IRI’s Preliminary Statement on the Kyrgyz Republic’s Presidential Election

Russian Version

Bishkek, Kyrgyz Republic – IRI’s election observation delegation has determined that the July 10 presidential election demonstrated measurable progress in Kyrgyzstan’s democratic development.  Improvements in election administration contributed to increases in transparency and fairness.  In addition, unprecedented voter education efforts and widespread distribution of candidate information resulted in vast increases in the amount of information available to voters on candidates, issues and electoral procedures.  Some administrative issues, particularly the voter lists, must be addressed by the government.  In addition, the use of administrative resources to increase voter turnout must also be addressed.  However, the elections were a significant improvement over the parliamentary elections of February and March 2005, and provide an important example in democratic development for other countries in the region.


IRI fielded a 25-member delegation representing a number of political parties in the United States, Europe and Asia and composed of election experts who have observed multiple elections in numerous countries around the world, including: Ukraine, Russia, Belarus, Georgia, Azerbaijan, Romania, Kazakhstan, Macedonia, Indonesia, Afghanistan, Albania, Thailand, Croatia, Uzbekistan, Moldova and Kyrgyzstan.  The delegation co-chairmen are The Honorable Michael Trend, former member of parliament of the United Kingdom and vice chairman of the Westminster Foundation for Democracy, and The Honorable Surin Pitsuwan, member of Thailand’s parliament.  IRI deployed observers to each of Kyrgyzstan’s seven oblasts monitoring more than 100 polls in Batken, Bishkek, Chui, Issyk Kul, Jalal Abad, Naryn, Osh and Talas.


Several positive trends the delegation highlighted in the conduct of elections in Kyrgyzstan are:

  1. Rights of election observers were generally acknowledged and respected;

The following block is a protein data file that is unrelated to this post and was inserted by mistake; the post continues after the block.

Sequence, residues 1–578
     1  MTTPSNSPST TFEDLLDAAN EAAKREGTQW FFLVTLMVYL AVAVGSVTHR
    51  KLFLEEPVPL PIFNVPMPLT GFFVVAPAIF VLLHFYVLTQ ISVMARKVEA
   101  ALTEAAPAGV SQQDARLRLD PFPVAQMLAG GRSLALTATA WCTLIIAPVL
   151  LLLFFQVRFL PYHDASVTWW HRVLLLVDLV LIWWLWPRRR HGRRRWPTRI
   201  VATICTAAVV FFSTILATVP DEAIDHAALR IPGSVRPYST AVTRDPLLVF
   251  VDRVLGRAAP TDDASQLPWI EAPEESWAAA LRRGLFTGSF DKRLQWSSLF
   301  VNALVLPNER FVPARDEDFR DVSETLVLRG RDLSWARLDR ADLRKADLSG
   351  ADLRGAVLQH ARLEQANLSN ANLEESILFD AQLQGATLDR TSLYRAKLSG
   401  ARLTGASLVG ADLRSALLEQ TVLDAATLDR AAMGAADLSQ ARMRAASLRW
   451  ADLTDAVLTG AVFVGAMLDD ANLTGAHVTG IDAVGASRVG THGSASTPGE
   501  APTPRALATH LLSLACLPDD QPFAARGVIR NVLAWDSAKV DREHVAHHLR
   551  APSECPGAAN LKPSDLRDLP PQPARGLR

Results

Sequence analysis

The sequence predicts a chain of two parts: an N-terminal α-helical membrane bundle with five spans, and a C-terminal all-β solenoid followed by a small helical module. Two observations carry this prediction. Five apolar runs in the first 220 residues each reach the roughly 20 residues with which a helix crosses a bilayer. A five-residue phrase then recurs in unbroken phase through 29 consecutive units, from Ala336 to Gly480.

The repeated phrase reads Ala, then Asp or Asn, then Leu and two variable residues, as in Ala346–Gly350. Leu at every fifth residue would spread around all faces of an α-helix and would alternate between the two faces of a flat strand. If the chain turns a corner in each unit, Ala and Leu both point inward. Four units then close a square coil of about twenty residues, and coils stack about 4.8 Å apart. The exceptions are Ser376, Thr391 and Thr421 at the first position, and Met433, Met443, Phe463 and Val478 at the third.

2. The election was held in a peaceful and calm atmosphere;
  3. Government interference in media coverage of the campaign was reduced;
  4. Freedom of assembly by candidates and campaigns was respected by the interim government; and
  5. Nearly two million copies of candidate information materials were distributed, and nationally televised candidate debates were held for the first time since independence.
Notwithstanding the above-referenced positive trends, IRI’s observation noted several areas in the electoral process which are in need of improvement:
  1. Voters lists continue to contain considerable inaccuracies that provide the opportunity for manipulation;
  2. IRI observers noted attempts to inflate turnout via manipulation of mobile voting and altering election results during tabulation;
  3. The election law is unclear with regard to the legality of transporting voters to polling stations;
  4. Reports of isolated vote buying continue to be problematic in some regions of the country; and
  5. The Supreme Court was unable to hear cases for much of the pre-election campaign period because of its occupation by demonstrators, and the lower courts continue to be plagued by a lack of professionalism.  As a result, the courts in general were not in a position to provide legal recourse in upholding voter and candidate rights.

In summary, an election is evaluated both on Election Day, as well as throughout the actual campaign period.  In both cases, IRI has found that the Kyrgyz Republic has improved its ability to conduct transparent national elections, and has taken measurable steps forward in its quest for democratization. However, the newly-elected government must commit itself to continued improvement in the areas set forth in this document if it hopes to fulfill the Kyrgyz people’s aspirations for even higher standards of democracy, as well as to fully meet international standards for electoral processes.  IRI will issue a full report on the findings of the delegation.

IRI opened its Bishkek office in 2003, although it had previously conducted programming in the Kyrgyz Republic from 1991 to 1994.  IRI provided extensive training to campaign staffs and parties on techniques for conducting nationwide door-to-door campaigns.  In addition to providing training and technical assistance, IRI’s office in Bishkek monitored preparations for the administration of elections, as well as the conduct of the campaigns by the various candidates.

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